She sat on the threshold of her thatched mud house. She had been wailing and rolling on the red earth of the compound since Nwogu- the herbalist, spelt that which would forge a new reality for her. Nana had wailed also, wagging vigorously its brown tail. Her well-tied wrapper had loosened during her sorrowful display. She knotted it. It was now drenched in salty tears that had torrented ceaselessly from her sagging eyebags. She sniffed. Her first wail was stimulated by the shock- the shock of Nwoye’s death. But the sob that came thereafter was moved a different chord. The thought of what widows passed through in Idere was something that triggered off her madness. She was only left to the comfort of her new mates. Idere widows. Nana was there too.
But all these would not console Bianca. She saw it usual- Idere widows were always there to comfort their new ‘converts’, and Nana would always exhibit its dexterity in tail-wagging, whenever she was in melancholy. People were sprawled here and there. They formed groups. She saw the umuada- her husband’s sisters, gesticulating and their lips moving like a mammy-wagon with failed breaks.
“They must be narrating various rites they will put me through. It is their field day. ” she muttered.
They stood under the huge mango tree that bore only sour fruits annually. Nwoye’s brothers sat opposite; perpendicular to the small earthen kitchen. Anobi, the eldest, was addressing them. Others formed gossip groups- stealing glances at her intermittently. She couldn’t repel them.
Two days before Nwoye’s passage, Anobi had come to the house. The late evening torrential rainfall had began to die down into drizzles when he entered.
“Dee, you are no longer getting younger, you know” He began after normal exchange of pleasantries. Unsurprisingly, this was the usual direction their conversation took during such late evening visits. Bianca always excused the men, but eavesdropped from the inner chamber.
“We understand you love your wife so much and have insisted on letting her stay.” He continued, “But why you have also waved the advice of getting a second wife who would bear children for you is what I am yet to fathom. Even your wife, I understand, have given her consent but you are still hesitating.”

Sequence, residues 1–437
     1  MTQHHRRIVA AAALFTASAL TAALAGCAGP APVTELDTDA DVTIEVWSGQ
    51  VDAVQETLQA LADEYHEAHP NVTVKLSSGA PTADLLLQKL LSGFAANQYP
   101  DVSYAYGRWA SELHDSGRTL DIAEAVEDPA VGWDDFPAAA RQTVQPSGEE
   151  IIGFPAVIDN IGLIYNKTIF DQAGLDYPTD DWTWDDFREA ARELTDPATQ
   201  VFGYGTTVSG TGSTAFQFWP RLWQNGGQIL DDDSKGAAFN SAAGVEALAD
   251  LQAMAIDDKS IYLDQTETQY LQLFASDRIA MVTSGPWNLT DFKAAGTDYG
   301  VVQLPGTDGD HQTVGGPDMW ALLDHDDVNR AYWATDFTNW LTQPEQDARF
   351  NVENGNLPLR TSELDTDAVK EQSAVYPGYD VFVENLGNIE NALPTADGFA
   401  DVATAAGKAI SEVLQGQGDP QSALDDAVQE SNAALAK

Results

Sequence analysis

Like most often, Nwoye merely sighed and said he would think more about the matter, and they went on to discuss other issues.
She sniffed again. Most eyes were on her, but she cared less. Trepidation caught the better part of her, drawing her away from her immediate environment.
Not the hooting owl- taloon-gripped on the crooked Pear tree branch that cold morning, not the sympathizing Ifemelu and Obiageri at her sides- widows themselves, not her wrapper loosening out again, nor the troop of mourners filing into the hut to see the corpse, shaking their heads- in seeming pity or shock or both, dropping kind words with her, having something good to say about the dead- about the prosperous farmer he is, his kind gesture, his easy-going lifestyle, some even talked about minature details like his smile, his firm-handshakes and his bald head; but the plight, the plight she was to go through as a widow in Idere, occupied every space of her mind. She knew she would be having a bumpy ride. She was already looking banal and deshaved.
Idere widows were treated with contempt, with severe disdain. Pre-funeral, you would be completely shaved, and tortoise excretea, mixed with ginger, shaken with salt water, would be applied on your head- ensuring no hair sprouted again, or at least, for a long time. You will be made to sleep atop your husband’s corpse for two days. You won’t see the next daylight if you had a hand in his death, they said. You would also be compelled to drink waste water from the corpse bath during these days. You won’t survive the stomach-ache if you had a hand in his death, they said.
Then, the Nsacha and Ikuchi rites after the funeral. The Nsacha rite entailed you dance naked before the umuada, bearing a lamp in your two hands, staying cautious the light didn’t go out. If it went out, it meant you slept with other men when your husband was alive, and you would be driven away- away from the family, away from the village, without an item of his property. The Ikuchi was meant to be the final bout. It demanded picking one of your husband’s brothers to matrimonize. Refusal customarily attracted ostracism. Widows seldom rejected this ‘huge privilege’, considering the aftermath of non-acceptance.
But, what Bianca was to meet now were several notches above all these. She’d been at loggerheads with her husband’s people for years. Sixteen years. She had no issue. But she was not barren either. At least, she’d conceived severally, but would lose it before the 8th month. Four times. Nwoye was a loving husband. Understanding. Unbent by all pressure. Searching between herbs and divinations for a solution. But all his efforts now lie dead, just as his corpse.
But not his people! They would rain curses and abuses on her at the slightest iota. She was called names identified with witchcraft. She ate her children before they saw the sun, some said. She was cursed at birth by her mother for causing so much pain during delivery, a few others said. She was from a lineage of outcast, the rest concluded.
She had always pitied Idere widows. Their pain, their anguish. Now, she would walk down that creaky slippery road of widowhood herself, and feel the excruciating agony she had always pitied.
Her eyes ran through the vast compound, as though she searched for something, someone in particular. They finally rested on Nana. It stared back at her and wagged its stirring tail. She got the message, her lips making to twitch. It would be gruelling for her.
By: Omoha Daberechi Joseph